Once I finally had a clear vision of where I’m heading with my living room (more elegant and traditional with a few contemporary and modern touches), I knew that my fireplace needed some work. For those of you who may be new around here, I built my living room fireplace from scratch at the beginning of this year. You can find all of those details here. It’s an electric fireplace, so while there’s no real fire, it does put out heat. We used it quite a bit last February.
But the fireplace looked like this…
The fireplace that inspired my design was this one that had a contemporary look to it…
But when I put the stained wood mantel on mine, it took on a more Craftsman look. I liked it, but it just didn’t fit in with the new direction of my living room. So I spent the last three days adding trim (lots and lots of trim), wood filling, sanding, caulking, priming, and painting…
…and now my fireplace looks much more traditional. It’ll go so much better with what I have planned for the walls!
Except for the mantel, which I replaced completely, the rest of it really was just a matter of adding lots of trim.
For the main trim around the frames, I used base cap trim. This is the stuff that’s made for dressing up plain baseboards, like if you have a house with simple 1″ x 4″ boards as baseboards. You can use base cap trim to dress those up so that they look like fancy baseboards. And then I added a little panel trim, cabinet trim, and crown moulding. The purpose of the 1″ x 4″ MDF board at the top of the side frames is to create a full frame on the sides once the panel moulding was added. Without that, the side frames would have only had three sides rather than four.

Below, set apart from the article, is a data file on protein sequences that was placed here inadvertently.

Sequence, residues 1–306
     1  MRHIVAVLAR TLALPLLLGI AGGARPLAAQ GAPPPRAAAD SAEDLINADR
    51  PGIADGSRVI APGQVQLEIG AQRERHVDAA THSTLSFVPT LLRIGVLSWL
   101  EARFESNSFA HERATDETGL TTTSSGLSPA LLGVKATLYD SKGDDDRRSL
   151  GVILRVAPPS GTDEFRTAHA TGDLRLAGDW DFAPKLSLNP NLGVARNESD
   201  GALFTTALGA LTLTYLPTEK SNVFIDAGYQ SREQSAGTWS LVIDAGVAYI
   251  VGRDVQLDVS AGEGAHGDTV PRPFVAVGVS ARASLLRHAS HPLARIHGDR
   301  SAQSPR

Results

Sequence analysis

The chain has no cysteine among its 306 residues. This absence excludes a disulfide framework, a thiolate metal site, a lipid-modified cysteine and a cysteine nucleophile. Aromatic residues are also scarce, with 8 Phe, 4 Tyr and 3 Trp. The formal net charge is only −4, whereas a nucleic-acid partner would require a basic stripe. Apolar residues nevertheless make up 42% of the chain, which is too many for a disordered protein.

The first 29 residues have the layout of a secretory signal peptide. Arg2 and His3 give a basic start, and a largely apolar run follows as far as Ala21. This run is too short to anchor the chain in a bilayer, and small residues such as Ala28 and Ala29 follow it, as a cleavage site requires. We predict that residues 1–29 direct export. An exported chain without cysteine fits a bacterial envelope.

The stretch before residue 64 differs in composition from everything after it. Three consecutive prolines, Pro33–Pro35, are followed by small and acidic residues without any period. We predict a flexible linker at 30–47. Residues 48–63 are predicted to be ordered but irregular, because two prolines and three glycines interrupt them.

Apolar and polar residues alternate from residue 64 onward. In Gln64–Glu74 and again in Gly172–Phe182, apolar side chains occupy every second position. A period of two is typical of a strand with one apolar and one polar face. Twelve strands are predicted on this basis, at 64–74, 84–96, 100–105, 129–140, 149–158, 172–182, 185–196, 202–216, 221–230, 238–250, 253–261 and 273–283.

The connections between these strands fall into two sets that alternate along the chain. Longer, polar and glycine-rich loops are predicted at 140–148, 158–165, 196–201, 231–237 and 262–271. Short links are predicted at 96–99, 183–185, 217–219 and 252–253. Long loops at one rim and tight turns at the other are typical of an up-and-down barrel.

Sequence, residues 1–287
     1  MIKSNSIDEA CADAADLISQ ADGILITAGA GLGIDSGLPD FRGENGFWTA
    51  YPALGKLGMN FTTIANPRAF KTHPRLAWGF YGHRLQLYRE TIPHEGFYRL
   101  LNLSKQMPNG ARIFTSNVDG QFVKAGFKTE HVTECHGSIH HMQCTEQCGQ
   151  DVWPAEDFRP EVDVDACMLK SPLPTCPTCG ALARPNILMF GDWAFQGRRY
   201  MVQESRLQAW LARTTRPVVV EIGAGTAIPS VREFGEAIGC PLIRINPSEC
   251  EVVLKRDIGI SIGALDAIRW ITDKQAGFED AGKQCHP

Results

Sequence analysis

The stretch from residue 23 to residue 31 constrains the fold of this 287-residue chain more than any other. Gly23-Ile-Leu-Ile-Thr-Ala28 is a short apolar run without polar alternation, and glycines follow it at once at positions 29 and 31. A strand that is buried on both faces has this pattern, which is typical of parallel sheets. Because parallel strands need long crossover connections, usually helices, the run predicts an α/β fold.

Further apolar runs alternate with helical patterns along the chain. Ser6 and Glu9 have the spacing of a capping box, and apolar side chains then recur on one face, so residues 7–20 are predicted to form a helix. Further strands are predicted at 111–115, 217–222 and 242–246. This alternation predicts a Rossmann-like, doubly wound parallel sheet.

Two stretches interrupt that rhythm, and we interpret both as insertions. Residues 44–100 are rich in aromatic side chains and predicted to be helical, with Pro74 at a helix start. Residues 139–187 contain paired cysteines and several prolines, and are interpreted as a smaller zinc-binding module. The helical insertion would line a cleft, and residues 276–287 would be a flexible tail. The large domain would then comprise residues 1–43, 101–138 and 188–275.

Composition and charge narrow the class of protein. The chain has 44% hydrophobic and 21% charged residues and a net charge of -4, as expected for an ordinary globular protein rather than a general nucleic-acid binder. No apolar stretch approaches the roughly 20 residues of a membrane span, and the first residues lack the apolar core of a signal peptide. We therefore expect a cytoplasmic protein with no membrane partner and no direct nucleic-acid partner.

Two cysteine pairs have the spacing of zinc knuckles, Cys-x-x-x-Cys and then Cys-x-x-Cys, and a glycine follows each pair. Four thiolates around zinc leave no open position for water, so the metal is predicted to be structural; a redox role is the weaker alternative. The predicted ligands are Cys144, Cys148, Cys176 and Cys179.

So, just a little detail on these trims. My Home Depot has two types of panel trim. One has a rabbet on the back, and the other is flat. For this, I used the one that’s flat. This trim is sold by the linear foot. They also have two sizes of trim labeled cabinet trim, and these are sold by the whole 8-foot piece. I used the smaller of the two.
The total cost of this makeover was about $80. Trim adds up! Especially when you need over 50 feet of base cap, plus other types of trim. But I think this will work much better in my living room. The original fireplace would have stuck out like a sore thumb.
But the new one will look right at home in my new living room.
And here’s a look at the before and after side-by-side.
And all it took was just a little trim.
UPDATE: After looking at the pictures of my fireplace makeover, I decided that the stone tile also needed to be changed a bit. I didn’t want to remove and replace, so I decided to try toning it down with paint first. The tile is a stone (I think different types of marble) mosaic, and it was unsealed. (This is key, as this process never would have worked on sealed stone mosaic tile.) I used regular Behr latex paint in an eggshell finish, painted over the whole thing, left it to dry overnight, and then today (Saturday) I sanded it down using 15o-grit sandpaper until it looked like I wanted it to look. Here’s how it turned out.
The more subtle look will fit the new style of my living room much better!
And here’s another before and after view, now with the new and improved tile.